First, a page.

I'll grant that Bush's personal affinity for the cowboy style is probably mostly authentic. But is this the career of a hardworking cowboy, or a well-connected patrician, enjoying three-martini lunches? Remember, that this is a guy who was head cheerleader at the tony Philips Academy Andover prep school. I read Bush as cowboy on the surface, maybe, but patrician at the core.

To those of us who are critics of Bush, it's puzzling that his handlers have made the earthy cowboy image stick. Digby has a long, vigorous rant which sums up how we feel.

George W. Bush is a man with two faces --- a public image of manly strength and a private reality of childish weakness. His verbal miscues and malapropisms are the natural consequence of a man struggling with internal contradictions and a lack of self-knowledge. He can’t keep track of what he is supposed to think and say in public.

There is no doubt that whether it's a cowboy hat or a crotch hugging flightsuit , George W. Bush enjoys wearing the mantle of American archetypal warriors. But when he goes behind the curtain and sheds the costume, a flinty, thin-skinned, immature man who has never taken responsibility for his mistakes emerges. The strong compassionate leader is revealed as a flimsy paper tiger.

Are a few photo ops of Bush clearing brush at his ranch and giving manly hugs to firefighters who do real work actually enough to convince you that Bush is that hardworking cowboy? Are a few silly stories about manicures --- that seem, to me, to sound suspiciously similar in tone to other fabrications --- enough to convince you that Kerry actually doesn't care about the American people?

What have I missed?


Kevin said...

Thanks for reading my blog and making a comment, I really do appreciate your position and respectfully disagree. I try only to post one political post a week on my blog. I'm much more interested in social, business, and economic trends.

I am just as puzzled as you. Although my puzzlement comes when I see apparently intelligent, well educated people who can't see beyond the facade that the Kerry/Edwards ticket has put up. It may be because I'm no pretty boy and when I smile it is usually a belly laugh.

There is an old saw, "The Devil you know is better that the Devil that you don't know." Although this might explain why people will vote for President Bush, I am confused about Senator Kerry.

Although Senator Kerry has said that his position is consistent, he has vacillilated with the political winds. He has said that he will do something about education, yet doesn't do something when he has the chance. He will cut the deficit, doesn't do something when he has the chance and even proposes more spending.
In my opinion Governor Dean would have a least stood for something, and Ralph Nader, although a little out in left field, at least I agree that there needs to more political parties in this Country.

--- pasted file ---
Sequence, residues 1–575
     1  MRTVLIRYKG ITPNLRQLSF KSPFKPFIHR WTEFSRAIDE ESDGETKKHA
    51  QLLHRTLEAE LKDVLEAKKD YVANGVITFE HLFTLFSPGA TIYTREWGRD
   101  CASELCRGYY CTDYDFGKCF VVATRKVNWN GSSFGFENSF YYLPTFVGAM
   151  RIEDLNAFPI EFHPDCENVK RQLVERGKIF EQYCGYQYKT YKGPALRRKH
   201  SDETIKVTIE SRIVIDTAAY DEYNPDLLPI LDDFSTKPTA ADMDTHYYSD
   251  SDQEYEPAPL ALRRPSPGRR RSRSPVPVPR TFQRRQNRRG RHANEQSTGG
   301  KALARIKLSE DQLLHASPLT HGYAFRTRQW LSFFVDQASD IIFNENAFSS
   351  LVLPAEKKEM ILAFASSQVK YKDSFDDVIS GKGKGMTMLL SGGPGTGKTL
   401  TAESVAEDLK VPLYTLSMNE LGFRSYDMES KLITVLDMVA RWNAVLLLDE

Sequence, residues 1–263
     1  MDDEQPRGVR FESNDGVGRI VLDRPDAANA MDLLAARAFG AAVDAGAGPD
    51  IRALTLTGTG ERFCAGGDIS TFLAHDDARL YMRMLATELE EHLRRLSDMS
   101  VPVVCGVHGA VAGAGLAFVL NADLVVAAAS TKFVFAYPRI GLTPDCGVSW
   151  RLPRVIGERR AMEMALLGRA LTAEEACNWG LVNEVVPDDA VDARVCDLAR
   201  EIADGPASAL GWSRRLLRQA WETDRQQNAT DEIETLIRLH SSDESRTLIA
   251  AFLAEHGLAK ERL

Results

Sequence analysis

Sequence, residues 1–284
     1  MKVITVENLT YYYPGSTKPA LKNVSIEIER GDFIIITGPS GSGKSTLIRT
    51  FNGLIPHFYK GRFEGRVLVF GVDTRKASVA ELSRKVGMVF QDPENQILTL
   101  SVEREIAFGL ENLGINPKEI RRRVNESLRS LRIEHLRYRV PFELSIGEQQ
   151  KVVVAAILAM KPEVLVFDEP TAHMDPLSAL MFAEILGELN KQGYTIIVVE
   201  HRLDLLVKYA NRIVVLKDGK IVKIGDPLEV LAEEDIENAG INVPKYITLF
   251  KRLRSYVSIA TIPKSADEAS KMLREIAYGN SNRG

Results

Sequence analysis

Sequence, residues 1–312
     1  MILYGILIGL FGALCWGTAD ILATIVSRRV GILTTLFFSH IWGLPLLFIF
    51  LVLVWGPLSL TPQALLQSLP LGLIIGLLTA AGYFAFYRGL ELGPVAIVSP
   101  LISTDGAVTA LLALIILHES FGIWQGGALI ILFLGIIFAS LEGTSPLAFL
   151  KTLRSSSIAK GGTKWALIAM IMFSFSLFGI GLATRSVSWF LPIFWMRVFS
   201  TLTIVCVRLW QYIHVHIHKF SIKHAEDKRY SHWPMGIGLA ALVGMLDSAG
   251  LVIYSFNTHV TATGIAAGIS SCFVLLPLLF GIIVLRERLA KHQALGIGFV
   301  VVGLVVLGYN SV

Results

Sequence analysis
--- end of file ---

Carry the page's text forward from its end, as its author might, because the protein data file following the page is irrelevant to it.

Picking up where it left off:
Conversely, the President has at least done something. He has passed a education bill and medicare supplement bill. Although I'm not thrilled about either candidate, I will go with the devil I know.

Having spent time in the Military, the global test really bothers me. In one sentence Senator Kerry said that he would give no foreign country a veto, but there must be some type of global test. What does that mean? He has taken two dialectic opposing positions in the same sentence.

I have the feeling that Senator Kerry doesn't care about me or you, only about getting elected. If the Senator cared, he may have actually come to Pensacola, the only person from that campaign to have come down here was Elizabeth Edwards, immediately after the Vice President candidate selection, who might have been a better candidate than either Senator.

Hollyberry said...

I just wanted to comment in on this conversation which I have happened upon. It intrigues me as well, as you both seem to be fairly educated people who can make decisions that seem at least somewhat rational.

Now, my input is that "Miniver Cheevy" makes an excellent point about the american political system. I find it preposterous that there are Americans who actually try and blame Kerry for the work that he's missed due to his campaign, and this is for the same reasons that "Miniver Cheevy" explained, so there's no reason to further that statement. My only additional comment is that I watched on TV a news anchor talk about a recent vote in the senate, and make a point of saying that Kerry and Edwards were both absent from the vote. Well of course they were absent, this system doesn't allow them to campaign for Presidency and still have time to be in the Senate.

I agree with everything Miniver Cheevy says. Just wanted to let you know.

Anonymous said...

Moreover, it really doesn't matter whether they were there or not. The GOP holds the majority in the Senate and has been very disciplined about holding down defections. Had Kerry and Edwards been there, the Democrat's margin of defeat on any given bill would have been two closer, but the end result would have been the same. The notion that this is reflective of anybody's work habits is just silly.